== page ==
THERE is no gainsaying the reality that the name of General Abdulsalami Abubakar (retd) will no longer be forgotten in a hurry when Nigeria’s records are written. What comes to thoughts whilst Abubakar’s name is mentioned is his ability to calm frayed nerves when it changes into thought the state may not go back to democratic rule. The death of former military Head of State, the late Sani Abacha, afforded Abubakar to write down his call-in gold. He became a stabilizing parent when the state’s socio-political atmosphere was gloomy.
Indeed, while his colleagues chose him to pilot the country’s affairs, it became called to duty at a time of countrywide misery. Also, upon Abacha’s death, many believed he would perpetuate himself in office as is commonplace with the army junta. Stabilizing figure But he allowed doomsayers down because some days after assuming office, Abubakar promised to behavior elections within a year and transferred strength to an elected president. As a way of actualizing this feat, the former General set up the Independent National Electoral Commission, INEC, and thereafter appointed former Supreme Court Justice Ephraim Akpata as chairman. Sensing the herculean venture earlier than it, the Akpata-led INEC held series of elections first for Local Government Areas in December 1998.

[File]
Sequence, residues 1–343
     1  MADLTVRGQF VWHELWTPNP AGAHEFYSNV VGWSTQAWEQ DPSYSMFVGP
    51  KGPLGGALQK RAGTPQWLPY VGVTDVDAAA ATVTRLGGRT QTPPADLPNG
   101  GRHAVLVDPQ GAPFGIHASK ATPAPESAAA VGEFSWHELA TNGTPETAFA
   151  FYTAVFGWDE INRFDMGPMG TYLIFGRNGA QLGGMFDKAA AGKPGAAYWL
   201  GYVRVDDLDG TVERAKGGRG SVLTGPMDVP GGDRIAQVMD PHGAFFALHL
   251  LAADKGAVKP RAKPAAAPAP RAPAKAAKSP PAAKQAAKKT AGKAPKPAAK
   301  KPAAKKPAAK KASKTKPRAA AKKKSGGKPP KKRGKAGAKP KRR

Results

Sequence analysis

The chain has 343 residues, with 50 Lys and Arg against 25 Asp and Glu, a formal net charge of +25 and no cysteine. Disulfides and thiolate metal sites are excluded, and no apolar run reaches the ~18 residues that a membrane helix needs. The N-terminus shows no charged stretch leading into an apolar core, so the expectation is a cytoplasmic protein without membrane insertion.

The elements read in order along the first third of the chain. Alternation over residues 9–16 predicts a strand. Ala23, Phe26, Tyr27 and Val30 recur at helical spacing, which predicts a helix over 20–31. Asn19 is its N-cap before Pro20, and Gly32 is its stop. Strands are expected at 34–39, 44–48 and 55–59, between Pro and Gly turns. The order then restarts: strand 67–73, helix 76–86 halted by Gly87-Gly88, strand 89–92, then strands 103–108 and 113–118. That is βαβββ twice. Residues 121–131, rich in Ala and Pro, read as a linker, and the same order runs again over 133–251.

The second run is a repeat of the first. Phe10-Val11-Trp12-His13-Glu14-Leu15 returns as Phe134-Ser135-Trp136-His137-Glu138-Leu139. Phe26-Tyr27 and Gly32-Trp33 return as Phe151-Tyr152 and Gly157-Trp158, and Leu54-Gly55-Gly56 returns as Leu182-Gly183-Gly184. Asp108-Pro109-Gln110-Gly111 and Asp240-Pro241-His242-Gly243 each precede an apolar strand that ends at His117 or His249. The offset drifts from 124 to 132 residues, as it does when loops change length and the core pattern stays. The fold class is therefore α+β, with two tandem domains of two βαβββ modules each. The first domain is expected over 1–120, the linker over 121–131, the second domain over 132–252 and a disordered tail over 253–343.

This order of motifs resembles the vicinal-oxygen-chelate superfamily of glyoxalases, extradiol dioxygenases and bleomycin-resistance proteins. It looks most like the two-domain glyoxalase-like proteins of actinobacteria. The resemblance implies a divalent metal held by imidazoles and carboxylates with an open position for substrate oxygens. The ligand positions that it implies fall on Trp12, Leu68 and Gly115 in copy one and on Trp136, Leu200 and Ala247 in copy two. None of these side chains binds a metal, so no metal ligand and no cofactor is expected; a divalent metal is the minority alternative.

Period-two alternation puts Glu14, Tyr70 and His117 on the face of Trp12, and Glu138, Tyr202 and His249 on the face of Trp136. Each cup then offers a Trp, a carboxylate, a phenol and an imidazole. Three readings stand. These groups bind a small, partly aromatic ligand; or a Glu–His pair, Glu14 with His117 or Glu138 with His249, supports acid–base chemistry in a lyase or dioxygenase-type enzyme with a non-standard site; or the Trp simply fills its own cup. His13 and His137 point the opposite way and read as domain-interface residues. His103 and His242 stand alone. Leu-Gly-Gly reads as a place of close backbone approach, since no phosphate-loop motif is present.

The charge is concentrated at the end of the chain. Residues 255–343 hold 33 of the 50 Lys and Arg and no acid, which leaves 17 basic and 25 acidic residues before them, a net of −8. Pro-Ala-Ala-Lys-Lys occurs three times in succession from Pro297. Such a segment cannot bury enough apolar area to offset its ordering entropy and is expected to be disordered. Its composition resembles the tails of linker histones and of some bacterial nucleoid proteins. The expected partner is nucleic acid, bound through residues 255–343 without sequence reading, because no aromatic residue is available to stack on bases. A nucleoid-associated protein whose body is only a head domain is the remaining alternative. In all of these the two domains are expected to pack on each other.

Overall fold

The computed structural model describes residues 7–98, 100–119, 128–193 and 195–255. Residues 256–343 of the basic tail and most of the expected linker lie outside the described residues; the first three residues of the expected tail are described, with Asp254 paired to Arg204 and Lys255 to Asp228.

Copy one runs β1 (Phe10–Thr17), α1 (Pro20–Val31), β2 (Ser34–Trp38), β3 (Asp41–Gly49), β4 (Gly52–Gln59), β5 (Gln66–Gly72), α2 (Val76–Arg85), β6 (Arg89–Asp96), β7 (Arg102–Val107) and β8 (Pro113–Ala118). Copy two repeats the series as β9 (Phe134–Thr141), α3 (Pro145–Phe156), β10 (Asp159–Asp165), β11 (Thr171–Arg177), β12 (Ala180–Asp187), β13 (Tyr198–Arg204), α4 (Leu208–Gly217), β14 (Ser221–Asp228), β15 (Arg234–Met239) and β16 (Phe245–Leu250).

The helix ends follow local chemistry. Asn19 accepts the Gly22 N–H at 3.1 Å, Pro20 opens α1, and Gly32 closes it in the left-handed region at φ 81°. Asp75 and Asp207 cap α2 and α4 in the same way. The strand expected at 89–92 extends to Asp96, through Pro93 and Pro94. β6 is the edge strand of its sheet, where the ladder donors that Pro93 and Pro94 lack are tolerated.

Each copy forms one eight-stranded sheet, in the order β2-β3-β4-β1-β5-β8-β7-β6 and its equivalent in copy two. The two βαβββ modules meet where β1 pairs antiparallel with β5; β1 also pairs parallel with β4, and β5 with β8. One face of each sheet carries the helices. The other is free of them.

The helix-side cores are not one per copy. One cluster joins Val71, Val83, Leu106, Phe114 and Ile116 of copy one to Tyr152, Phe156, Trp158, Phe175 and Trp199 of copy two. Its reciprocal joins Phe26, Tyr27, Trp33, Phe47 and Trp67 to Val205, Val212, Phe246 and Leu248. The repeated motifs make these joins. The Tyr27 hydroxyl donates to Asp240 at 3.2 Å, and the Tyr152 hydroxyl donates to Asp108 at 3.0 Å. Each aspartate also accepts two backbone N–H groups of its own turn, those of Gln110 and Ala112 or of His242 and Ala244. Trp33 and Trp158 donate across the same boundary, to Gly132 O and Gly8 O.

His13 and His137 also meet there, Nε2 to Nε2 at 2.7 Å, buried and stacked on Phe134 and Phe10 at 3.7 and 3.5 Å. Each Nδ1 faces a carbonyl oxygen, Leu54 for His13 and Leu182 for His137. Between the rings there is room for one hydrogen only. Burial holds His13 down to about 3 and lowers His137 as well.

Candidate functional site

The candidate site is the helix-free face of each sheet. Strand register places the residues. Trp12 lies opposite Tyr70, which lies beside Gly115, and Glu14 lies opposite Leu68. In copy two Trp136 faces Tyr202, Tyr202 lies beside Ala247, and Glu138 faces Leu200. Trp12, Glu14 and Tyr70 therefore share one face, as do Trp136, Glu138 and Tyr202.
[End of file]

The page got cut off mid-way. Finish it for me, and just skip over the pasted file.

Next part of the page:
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Thereafter, he performed State Assemblies and Governors, National Assemblies, and in the end, Presidential elections on February 27, 1999. At the give up of the day, Abubakar kept his phrase and transferred power to Chief Olusegun Obasanjo, who turned into elected president on May 29, 1999. Having left power in 1999, he has played prominent roles at the United Nations and the African Union as he became a nicely-sought troubleshooter. Instructively,
Abubakar helped in the Liberian peace motion as he presided over the 2003 peace talks among Charles Taylor and the opposing rebels. His role in the 2015 Presidential elections will not be forgotten in a rush. As chairman of the Peace Accord Committee, his choice becomes, however, often fitting. Alongside other committee members, he helped douse anxiety that nearly saw us of a on the point of the war. The former navy head of the nation, which can be honored with the Vanguard Lifetime Achievement Award, turned born on June thirteen, 1942, to Abubakar Jibrin and Fatikande Mohammed in Minna Niger State. Between 1950 and 1956, he attended Minna Native Authority Primary School, and from 1957-1962, he had his secondary school education at Government College, Bida, Niger State.